Article by Wendy Orent, in LA Times, includes:
[Earl] Brown recognizes what seems to elude most people who worry about pandemic outbreaks: What's necessary to produce a human-adapted virus is humans — a series of person-to-person infections. Without that chain of transmission, any human adaptation of H5N1 is difficult to imagine. … interact with other viral genes in a human host to improve its ability to infect the host. This is an adaptive process — and it is true whether the new virus arises directly through mutation or even through recombination with a common flu strain. H5N1 is beautifully, tragically adapted to chickens and has proved a monstrous predator. It evolved this way by preying on chickens packed into huge commercial chicken farms in Asia. The bird flu virus is still at the starting gate when it comes to humans. But should any strain of H5N1 manage to survive many sequential transmissions, Darwin's charioteer may drive off. The best transmitters will be favored by selection, as evolutionary biologist Paul W. Ewald of the University of Louisville contends. The process will continue, human by human, until a fully human-adapted, explosive strain emerges. …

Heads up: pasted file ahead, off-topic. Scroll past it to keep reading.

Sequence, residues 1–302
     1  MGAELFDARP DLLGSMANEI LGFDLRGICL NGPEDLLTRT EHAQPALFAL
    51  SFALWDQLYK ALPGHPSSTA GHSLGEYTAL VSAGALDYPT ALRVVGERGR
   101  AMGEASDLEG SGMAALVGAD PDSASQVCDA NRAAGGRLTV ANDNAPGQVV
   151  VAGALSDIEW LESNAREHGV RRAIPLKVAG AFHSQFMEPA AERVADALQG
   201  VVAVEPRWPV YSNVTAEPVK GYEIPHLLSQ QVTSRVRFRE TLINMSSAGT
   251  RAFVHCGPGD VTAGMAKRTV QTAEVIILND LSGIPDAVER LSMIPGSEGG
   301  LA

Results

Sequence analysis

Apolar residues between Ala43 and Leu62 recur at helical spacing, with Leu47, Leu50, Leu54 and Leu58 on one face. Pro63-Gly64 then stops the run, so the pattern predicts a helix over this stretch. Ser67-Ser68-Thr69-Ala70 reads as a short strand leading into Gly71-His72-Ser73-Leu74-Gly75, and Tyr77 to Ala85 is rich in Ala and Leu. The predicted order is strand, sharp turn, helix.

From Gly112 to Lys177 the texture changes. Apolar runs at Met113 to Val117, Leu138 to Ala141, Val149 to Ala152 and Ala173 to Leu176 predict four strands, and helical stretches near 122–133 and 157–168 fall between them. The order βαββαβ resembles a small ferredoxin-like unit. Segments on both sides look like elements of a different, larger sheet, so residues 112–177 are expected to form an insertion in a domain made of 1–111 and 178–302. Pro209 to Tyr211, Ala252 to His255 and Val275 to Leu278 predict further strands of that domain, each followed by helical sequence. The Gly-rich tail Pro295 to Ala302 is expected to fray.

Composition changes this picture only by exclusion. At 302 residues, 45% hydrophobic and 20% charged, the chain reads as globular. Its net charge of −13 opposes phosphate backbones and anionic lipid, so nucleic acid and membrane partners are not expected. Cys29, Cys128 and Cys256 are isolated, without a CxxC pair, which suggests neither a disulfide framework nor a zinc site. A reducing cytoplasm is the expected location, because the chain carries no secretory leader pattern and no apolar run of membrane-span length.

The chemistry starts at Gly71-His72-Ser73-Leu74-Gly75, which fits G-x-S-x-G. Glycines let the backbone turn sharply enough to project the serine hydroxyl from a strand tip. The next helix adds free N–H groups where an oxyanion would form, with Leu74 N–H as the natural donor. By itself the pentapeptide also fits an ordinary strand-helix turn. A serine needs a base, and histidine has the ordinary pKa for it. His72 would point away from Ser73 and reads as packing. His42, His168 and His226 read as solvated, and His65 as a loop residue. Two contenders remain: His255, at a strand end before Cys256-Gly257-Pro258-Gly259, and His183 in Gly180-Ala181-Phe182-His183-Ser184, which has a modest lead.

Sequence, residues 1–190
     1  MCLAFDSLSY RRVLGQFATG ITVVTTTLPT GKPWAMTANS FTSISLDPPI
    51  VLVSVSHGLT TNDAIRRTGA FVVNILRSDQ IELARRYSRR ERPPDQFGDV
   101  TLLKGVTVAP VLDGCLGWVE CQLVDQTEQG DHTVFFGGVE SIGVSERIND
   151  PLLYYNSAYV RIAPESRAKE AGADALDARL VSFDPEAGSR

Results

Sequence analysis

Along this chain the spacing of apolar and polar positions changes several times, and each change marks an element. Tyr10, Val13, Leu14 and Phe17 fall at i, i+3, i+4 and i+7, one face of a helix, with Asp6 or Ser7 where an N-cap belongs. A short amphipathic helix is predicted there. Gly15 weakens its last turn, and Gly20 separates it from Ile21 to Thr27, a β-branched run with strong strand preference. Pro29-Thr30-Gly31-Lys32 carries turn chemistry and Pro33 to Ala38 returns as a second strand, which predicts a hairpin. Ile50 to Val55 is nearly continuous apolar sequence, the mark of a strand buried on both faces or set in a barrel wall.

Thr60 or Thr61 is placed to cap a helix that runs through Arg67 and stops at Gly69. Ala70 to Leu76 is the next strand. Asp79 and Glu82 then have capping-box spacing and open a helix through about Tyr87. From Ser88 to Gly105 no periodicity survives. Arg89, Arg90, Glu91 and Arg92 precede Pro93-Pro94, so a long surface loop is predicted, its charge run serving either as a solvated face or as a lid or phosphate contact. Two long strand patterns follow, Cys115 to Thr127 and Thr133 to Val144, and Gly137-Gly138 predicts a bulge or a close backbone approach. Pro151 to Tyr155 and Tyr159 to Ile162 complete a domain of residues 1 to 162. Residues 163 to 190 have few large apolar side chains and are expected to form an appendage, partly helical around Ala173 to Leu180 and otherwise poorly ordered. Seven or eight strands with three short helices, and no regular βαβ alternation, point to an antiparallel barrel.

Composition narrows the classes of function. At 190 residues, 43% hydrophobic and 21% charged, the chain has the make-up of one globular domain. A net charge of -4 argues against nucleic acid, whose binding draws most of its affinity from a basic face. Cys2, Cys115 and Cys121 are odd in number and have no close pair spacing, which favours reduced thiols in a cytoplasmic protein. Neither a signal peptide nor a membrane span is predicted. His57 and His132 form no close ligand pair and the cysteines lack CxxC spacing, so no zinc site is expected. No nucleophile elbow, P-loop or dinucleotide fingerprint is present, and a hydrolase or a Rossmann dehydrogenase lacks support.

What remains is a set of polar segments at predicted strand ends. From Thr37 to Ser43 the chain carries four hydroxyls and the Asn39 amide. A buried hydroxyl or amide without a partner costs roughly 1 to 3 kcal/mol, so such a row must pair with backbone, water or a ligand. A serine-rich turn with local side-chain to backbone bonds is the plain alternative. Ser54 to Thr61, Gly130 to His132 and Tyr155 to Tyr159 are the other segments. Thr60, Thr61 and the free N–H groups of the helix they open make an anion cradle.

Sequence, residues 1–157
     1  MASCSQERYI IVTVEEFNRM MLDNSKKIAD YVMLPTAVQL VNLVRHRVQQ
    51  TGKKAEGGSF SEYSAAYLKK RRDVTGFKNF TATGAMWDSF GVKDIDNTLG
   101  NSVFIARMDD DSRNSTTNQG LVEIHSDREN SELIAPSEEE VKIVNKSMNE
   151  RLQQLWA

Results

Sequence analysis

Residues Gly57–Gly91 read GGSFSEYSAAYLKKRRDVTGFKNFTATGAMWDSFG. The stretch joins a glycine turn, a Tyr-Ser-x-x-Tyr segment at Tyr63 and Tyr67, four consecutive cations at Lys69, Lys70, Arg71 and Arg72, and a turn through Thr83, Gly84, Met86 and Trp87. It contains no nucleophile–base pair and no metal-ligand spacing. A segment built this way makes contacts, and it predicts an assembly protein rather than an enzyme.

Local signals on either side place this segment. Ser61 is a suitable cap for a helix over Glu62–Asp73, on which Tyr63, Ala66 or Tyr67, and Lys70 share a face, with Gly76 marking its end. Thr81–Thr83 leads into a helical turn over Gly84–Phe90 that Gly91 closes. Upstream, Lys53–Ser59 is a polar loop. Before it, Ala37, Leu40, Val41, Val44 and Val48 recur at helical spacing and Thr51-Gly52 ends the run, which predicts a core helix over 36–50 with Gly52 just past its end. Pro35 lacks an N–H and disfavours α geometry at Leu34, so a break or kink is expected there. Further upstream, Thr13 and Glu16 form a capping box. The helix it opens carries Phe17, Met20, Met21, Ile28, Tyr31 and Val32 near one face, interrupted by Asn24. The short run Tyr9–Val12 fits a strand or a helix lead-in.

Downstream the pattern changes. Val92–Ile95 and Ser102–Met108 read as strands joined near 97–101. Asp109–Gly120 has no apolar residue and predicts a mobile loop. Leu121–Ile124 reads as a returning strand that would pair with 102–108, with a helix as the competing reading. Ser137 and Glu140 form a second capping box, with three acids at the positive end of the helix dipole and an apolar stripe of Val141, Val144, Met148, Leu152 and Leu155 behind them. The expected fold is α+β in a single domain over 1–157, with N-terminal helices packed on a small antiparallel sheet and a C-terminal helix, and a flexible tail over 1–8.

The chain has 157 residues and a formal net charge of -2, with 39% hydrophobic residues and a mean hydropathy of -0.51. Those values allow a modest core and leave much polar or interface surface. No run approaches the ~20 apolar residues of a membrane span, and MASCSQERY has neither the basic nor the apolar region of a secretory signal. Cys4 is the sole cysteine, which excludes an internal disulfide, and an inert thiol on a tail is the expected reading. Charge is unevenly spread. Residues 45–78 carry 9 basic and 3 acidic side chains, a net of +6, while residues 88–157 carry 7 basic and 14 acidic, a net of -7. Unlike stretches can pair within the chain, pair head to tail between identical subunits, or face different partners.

At the beginning, viral adaptation to a host is slow. A disease just beginning to transmit is controllable. Surveillance, flexibility, willingness to impose or undergo quarantines, along with international cooperation, will be necessary to stop pandemic flu — or any other disease moving from animals to humans — before Darwin's driver gets ahead of us and nothing can be done.
What Darwin has to say about bird flu Can the disease mutate into a widespread threat to humans? Possibly, but it won't happen overnight.
I emailed Wendy to check whether this rather ominous last sentence (and "explosive strain") meant some change in her thinking re not being possible right now to evolve a virulent flu.